In book two of Morley Torgov's Inspector Hermann Preiss Mystery series, German composer Richard Wagner is completing Die Meistersinger von Nuremberg when he receives a letter that predicts his downfall during his opera's debut. A string of murders occur against members of the production as Preiss attempts to solve the mystery behind the letter and save Wagner's life. Jason Culp has an impressive acuity with Torgov's characters, portraying Wagner as obstinate and paranoid while giving Preiss a composed and unflappable steadfastness, and his ability to heighten the tension as the fateful day approaches makes this historical mystery a suspenseful delight.
It is late March 1868. In Munich, composer Richard Wagner is completing his new opera Die Meistersinger von Nuremberg. It has been a difficult few years for him, and much depends upon the success of this new work. Following the tense auditions, an anonymous note warns Wagner that the premiere will be the date of his ruination.
Enter Inspector Hermann Preiss, who discovers a complication. Her name is Cornelia Vanderhoute, and she claims to have been made pregnant after a typical, brief Wagner fling. A series of murders of people involved in the new production suggests Cornelia is carrying out a deadly program of revenge.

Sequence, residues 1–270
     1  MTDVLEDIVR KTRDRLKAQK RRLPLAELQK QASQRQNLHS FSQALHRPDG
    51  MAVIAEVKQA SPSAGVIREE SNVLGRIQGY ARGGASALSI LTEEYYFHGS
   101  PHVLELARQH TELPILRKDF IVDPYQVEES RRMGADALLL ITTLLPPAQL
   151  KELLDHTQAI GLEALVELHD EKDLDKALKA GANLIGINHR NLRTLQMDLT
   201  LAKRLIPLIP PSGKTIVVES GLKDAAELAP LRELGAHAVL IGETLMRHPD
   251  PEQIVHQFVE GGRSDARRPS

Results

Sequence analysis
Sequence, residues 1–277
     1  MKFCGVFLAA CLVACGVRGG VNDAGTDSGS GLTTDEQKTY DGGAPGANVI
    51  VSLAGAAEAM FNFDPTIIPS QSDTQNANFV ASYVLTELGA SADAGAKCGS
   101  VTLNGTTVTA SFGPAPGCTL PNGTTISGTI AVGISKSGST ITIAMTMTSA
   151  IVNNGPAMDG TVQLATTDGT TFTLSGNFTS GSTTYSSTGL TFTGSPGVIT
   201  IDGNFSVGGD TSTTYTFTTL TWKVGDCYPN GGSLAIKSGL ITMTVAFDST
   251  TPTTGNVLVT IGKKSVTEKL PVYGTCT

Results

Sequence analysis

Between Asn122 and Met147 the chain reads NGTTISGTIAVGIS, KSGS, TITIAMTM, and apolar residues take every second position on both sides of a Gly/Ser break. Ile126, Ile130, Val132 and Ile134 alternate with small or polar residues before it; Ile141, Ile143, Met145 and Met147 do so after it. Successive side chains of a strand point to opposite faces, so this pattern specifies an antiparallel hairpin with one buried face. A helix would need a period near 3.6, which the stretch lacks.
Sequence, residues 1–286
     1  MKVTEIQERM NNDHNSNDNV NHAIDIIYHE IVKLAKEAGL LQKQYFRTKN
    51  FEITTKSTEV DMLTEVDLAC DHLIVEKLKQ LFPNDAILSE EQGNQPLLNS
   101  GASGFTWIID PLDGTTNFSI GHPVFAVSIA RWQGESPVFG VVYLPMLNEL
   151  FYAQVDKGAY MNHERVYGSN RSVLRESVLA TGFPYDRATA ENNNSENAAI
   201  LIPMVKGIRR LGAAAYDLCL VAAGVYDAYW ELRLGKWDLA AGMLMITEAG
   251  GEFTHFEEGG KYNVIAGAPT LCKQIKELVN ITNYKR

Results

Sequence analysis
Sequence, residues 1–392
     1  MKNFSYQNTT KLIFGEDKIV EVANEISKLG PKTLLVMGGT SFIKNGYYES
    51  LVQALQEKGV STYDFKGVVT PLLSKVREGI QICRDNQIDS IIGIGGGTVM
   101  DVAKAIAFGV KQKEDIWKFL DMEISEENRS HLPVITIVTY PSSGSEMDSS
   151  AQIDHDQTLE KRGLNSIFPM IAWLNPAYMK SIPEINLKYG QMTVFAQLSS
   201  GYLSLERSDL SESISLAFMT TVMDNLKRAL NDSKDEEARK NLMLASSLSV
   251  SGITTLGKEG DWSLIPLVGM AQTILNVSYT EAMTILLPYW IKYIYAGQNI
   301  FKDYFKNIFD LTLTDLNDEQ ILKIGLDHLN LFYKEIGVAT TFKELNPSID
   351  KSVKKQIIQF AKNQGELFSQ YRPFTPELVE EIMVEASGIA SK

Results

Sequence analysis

Even Wagner and his wife are threatened. Will Preiss succeed in discovering the writer of the note? Will he manage to prevent the murder of Wagner, and what will happen on the night of the premiere?
This could have been a good book, but it isn't. It has an excellent plot. The plot is great but the way the writer presents it, is tedious beyond belief.
The books goes off on tangents. At a dinner table, the most minute and trivial conversation is presented in detail, even when it has nothing to do with the story. The author includes quite a lot of detail about music and composers of the era which may not be to everyone's taste. For every little incident, it seems we get a long back story. And most tedious of all we are treated to the detective, Preiss, thoughts at great lengths and to his private life and loves at even great length. I got really sick of Preiss and his girl friend - they took up too much time in the book.
The narrator was not bad, but he had such poor material to work with, that at time he just seemed to drone on.
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